Particulate reactive oxygen species in indoor and outdoor environments : prevalence and health effects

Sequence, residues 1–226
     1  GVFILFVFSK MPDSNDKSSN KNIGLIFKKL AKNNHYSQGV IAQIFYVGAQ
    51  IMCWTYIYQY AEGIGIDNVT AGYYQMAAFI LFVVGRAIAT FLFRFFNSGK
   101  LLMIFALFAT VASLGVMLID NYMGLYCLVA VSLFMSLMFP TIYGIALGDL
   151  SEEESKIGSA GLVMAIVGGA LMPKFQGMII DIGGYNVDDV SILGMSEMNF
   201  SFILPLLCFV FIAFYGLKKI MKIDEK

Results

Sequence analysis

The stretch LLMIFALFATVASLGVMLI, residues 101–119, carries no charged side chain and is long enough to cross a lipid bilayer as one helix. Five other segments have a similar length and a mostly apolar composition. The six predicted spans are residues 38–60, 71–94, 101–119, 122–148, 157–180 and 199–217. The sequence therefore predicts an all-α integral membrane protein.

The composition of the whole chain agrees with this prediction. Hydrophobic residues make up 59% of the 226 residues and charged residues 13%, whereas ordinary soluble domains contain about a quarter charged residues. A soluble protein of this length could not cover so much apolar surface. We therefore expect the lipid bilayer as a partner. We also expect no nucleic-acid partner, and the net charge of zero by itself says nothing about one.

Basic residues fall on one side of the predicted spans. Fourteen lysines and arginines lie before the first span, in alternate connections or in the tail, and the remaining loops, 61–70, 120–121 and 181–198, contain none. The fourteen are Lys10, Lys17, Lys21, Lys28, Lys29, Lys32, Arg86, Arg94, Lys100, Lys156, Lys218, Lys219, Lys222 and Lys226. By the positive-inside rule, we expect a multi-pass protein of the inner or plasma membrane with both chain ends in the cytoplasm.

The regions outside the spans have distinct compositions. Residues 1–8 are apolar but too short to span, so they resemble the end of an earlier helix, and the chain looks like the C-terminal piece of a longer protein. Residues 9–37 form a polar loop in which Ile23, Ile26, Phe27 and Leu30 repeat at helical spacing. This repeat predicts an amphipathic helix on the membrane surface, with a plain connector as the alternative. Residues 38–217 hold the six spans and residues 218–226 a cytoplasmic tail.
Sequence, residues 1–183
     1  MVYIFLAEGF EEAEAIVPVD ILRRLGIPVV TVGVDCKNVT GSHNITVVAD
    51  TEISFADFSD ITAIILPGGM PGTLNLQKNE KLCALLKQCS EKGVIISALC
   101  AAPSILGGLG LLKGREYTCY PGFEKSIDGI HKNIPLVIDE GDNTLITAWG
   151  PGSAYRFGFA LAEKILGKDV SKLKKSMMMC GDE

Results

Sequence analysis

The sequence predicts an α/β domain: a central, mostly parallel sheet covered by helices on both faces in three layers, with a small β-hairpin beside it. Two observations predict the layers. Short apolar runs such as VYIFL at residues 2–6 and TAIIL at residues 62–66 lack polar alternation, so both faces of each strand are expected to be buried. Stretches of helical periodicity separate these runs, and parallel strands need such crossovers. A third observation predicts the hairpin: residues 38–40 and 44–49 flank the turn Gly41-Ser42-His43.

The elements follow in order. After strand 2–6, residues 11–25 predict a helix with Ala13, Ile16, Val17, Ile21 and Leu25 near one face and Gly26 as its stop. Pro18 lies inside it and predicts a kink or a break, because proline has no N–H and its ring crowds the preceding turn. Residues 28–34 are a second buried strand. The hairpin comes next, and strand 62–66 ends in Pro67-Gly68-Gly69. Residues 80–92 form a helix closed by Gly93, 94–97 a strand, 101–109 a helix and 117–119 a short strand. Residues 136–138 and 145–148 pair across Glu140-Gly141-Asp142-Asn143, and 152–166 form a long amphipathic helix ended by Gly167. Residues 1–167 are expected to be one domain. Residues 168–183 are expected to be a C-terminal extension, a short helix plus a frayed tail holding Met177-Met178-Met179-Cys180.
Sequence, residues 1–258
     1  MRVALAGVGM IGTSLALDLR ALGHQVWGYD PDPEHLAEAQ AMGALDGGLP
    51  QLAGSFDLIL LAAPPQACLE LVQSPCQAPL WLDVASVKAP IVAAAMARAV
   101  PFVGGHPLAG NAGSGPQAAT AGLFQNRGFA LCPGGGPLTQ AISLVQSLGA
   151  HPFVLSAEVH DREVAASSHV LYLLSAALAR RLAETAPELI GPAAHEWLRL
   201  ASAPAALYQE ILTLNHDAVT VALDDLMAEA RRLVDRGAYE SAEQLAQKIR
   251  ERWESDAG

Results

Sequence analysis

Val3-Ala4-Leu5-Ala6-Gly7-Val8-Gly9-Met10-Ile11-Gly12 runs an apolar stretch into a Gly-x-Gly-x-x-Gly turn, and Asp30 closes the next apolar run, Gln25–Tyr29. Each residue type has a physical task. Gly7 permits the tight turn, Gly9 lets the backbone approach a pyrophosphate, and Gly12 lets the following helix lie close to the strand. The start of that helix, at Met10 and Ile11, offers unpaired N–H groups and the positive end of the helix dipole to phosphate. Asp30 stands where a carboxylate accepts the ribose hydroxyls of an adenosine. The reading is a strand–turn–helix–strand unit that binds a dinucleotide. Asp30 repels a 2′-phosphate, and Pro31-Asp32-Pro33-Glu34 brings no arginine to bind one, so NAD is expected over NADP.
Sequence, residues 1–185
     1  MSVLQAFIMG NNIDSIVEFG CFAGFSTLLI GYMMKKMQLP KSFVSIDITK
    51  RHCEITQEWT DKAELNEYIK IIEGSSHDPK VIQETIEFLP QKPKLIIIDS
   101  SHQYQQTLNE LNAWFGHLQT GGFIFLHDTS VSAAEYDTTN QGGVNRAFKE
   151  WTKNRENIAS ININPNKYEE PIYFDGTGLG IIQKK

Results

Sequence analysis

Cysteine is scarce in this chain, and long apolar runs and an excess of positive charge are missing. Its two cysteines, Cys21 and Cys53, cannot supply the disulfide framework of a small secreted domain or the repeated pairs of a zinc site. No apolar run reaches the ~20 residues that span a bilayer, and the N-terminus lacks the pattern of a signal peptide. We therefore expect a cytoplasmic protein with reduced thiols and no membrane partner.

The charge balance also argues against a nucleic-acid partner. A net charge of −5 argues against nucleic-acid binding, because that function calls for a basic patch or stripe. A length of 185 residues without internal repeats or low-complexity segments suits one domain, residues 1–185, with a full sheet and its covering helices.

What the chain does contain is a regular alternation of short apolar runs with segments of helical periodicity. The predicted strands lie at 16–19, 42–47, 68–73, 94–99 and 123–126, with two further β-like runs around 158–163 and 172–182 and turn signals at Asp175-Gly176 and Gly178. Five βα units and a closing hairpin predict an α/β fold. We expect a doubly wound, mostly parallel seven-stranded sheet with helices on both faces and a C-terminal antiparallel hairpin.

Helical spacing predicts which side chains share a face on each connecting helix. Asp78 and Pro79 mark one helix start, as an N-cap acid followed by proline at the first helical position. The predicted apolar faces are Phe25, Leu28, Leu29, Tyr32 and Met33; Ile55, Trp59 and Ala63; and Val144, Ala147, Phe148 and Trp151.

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Reactive Oxygen Species (ROS) are an important class of air pollutants generated from photochemical and ozone-initiated reactions in indoor and outdoor environments. Despite the fact that Americans spend nearly 90% of their time inside buildings and extended exposures to ROS can occur in indoor environments, ROS has received very little attention as an indoor pollutant. This is one of the first research studies to measure the concentration of particulate ROS (on PM [subscript 2.5] and TSP) in indoor environments. A significant fraction of indoor particulate ROS was found to exist on PM [subscript 2.5] (58±10%) which is important from a health perspective since PM [subscript 2.5] can carry ROS deep into the lungs. The indoor concentrations of ROS on PM [subscript 2.5] sampled in residential and commercial buildings were not significantly different from the outdoor concentrations. This result is intriguing because it implies that generation of ROS inside buildings and/or transport of outdoor ROS and precursors of ROS into buildings are important processes and can be as significant as ROS generation in outdoor environments. Controlled studies show that when outdoor ozone concentrations are relatively low, indoor concentrations of ROS are dominated by indoor sources of ROS rather than outdoor sources of ROS. However, when outdoor ozone concentrations are relatively high, indoor and outdoor sources of ROS contribute almost equally to the indoor concentration of ROS. This study is also one of the first to assess seasonal variations in outdoor particulate ROS concentrations. Ambient sampling conducted over an 11-month period indicates that outdoor particulate ROS concentrations are influenced by the ozone concentration, solar radiation intensity and temperature. In order to understand the potential health effects of exposure to ROS, an in vitro exposure system of lung epithelial cells and differentiated lung tissue was also utilized. Results from these experiments indicate that exposure to products of limonene ozonolysis (which include ROS) can lead to a greater inflammatory response than exposure to either ozone or limonene. This highlights the need to include biologically relevant pollutants, such as ROS, in indoor air quality studies. Further work is warranted to better understand the parameters that drive indoor particulate ROS concentrations.